There’s a rawness and occasional ferocity throughout Fad, balanced with talk-sing observations and then deeply catchy choruses. Kilian, who was recently studying for a PhD in music composition, colors at the edges of the songs, guitar lines like liquid metal swirling around either the rough-hewn distortion or pop-minded songwriting. And it’s hard to think of many current guitar bands who make such vital use of three guitars. Everything in Silverbacks is economical — their guitar arrangements are far from proggy but are still carefully interlaced, all those notes firing off each other just adding a new texture of melodic information to each track.
As for the name, Fad seems fitting if you’re looking at Silverbacks through the lens of ’90s slacker-rock. So much of the album feels like detritus, lines Daniel thinks up and sometime later forms a song around. It results in a whole lot of memorable lyrics paired perfectly with the moments when they arrive: “That wasn’t Jesus/ That was just some fucker in a dressing gown!” climactically shouted in album standout “Drink It Down”; the aforementioned “Dunkirk” breakdown unfolding over a strategically coiling-then-unraveling rhythm; “There’s only one thing that’ll patch me up/ But the DJ won’t play ‘The Boys Are Back In Town’/ I swung my fists and the system came crashing down,” before Daniel closes the album proclaiming, “Last orders at the bar!”
“I like Fad because it’s quite fitting for this scene that’s happening in Dublin,” Wickham says, not entirely seriously but also certainly not entirely in jest. Having grown up in Kildare, he remembers coming to Dublin to see bands, and the cycles, the other times some new Irish scene was meant to be the next great hope. And not to play into broad-stroke stereotypes of the Irish character, but there is, overall, an air of wry self-deprecation throughout our discussion. Yet in the case of Silverbacks, that’s not just about the moment in Irish music, but how long it took them to join in, and as a result their ability to stand back outside of it all.
The long on-off genesis of Silverbacks means they’re all, by some counts, a bit older than usual to be releasing a debut album — or, at least, a debut album that sounds like this and theoretically emerges from such a moment in Irish music. At 27, Kilian is one of the younger members; Wickham is in his early 30s, and hadn’t been particularly interested in joining a band until Silverbacks persuaded him a couple years ago. Most of them have day jobs at insurance or IT companies. “Everything works around the band,” Wickham explains. “We’re flying out to do gigs in London and flying back at seven in the morning to get back to work so we don’t waste any money and we still have enough time to go on tour.”
They all had other lives that could’ve easily unfolded, in academia or steady white-collar careers. Yet while a bit of age and nascent wisdom seems to contribute to Silverbacks’ sly, occasionally world-weary tone, there’s no clear story on why now, after all this time. “I think the best way to sum it up… we wanted to do it, but for whatever reason we never got around to it or committed to it,” Kilian offers. The best explanation: It took this assortment of people coming together to make the songs lift off the way they do on Fad.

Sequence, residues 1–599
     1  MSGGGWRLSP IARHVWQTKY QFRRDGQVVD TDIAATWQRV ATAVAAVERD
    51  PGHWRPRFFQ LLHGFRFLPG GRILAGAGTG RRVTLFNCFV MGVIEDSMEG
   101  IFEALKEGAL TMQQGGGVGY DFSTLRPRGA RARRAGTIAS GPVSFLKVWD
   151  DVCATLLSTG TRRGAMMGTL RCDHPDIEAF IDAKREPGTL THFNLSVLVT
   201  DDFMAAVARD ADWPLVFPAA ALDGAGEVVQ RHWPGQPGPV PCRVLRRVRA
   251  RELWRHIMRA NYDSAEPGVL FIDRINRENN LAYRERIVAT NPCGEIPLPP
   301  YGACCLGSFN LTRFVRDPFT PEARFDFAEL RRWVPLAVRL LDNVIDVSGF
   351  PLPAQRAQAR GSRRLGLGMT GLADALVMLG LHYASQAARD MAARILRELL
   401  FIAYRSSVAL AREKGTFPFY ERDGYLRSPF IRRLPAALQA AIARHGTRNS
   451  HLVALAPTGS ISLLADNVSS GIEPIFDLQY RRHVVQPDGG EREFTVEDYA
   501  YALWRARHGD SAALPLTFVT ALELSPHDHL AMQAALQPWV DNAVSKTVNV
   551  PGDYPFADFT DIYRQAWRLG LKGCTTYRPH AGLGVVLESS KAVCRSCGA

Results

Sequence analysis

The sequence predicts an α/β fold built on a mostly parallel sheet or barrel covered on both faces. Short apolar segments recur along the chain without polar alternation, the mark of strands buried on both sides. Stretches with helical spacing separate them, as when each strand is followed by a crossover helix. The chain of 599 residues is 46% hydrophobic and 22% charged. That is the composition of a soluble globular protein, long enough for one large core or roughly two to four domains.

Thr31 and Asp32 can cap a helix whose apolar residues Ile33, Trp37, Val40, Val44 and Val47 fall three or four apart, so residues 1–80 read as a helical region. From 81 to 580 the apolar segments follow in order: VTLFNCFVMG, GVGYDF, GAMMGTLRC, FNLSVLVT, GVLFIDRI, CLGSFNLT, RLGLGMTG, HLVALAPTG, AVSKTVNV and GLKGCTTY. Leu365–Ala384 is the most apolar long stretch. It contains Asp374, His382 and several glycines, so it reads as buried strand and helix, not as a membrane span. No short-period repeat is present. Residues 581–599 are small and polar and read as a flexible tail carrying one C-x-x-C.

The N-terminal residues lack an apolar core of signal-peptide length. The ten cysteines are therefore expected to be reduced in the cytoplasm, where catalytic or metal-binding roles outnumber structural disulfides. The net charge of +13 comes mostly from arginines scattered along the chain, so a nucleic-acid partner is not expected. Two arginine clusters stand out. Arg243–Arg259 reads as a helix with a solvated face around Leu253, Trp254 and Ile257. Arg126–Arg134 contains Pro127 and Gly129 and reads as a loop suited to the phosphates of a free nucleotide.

Maybe they’re making up for lost time now. A good chunk of our conversation revolves around everything else Silverbacks are working on at the moment. Kilian estimates they have enough material for two more albums in addition to Fad, with hopes that their second would swiftly follow it. “Muted Gold” — the last addition to the album, and the new single Silverbacks released today — is indicative of sonic changes they want to explore. The O’Kellys want to open the songwriting process up more; Daniel wants Hanlon to sing more songs. (She already takes lead on two Fad tracks.) They’re all interested in complicating their established template — more dissonance, more percussion, indulging their “Talking Heads side.”
There was never a master plan to Silverbacks before now, just a slow process of life falling into the right pattern. But now, maybe, that’s changing. “I don’t think of Silverbacks as, we have one album and you get this idea of us as a band,” Kilian says, before laying out his vision for the coming years. “I think we aspire the kinds of bands where they have some albums and you can see a clear journey. Not to drop some heavy-hitters, but Sonic Youth and Yo La Tengo, for me. I think that will be more established. I think with album two, three, four, we’ll start building up more of a palette.”
“Fuck, Kilian,” Daniel says. “We should all be running on two pints.” They all laugh, but it isn’t hard to hear the near future Kilian imagined. Fad as a hooky and angular blueprint, but only a starting point. After all the years building up to it, Silverbacks are kicking down the door with a debut full of direct, immediate songs that refuse to be forgotten. And from there, from all those tightly arranged songs, you can already hear how much room they have to spread out — from old sounds, from Dublin and genre signifiers, just unspooling out into a strain of art-punk-glam-slacker-pop that only belongs to Silverbacks.
Fad is out 7/17 via Central Tones. Pre-order it here.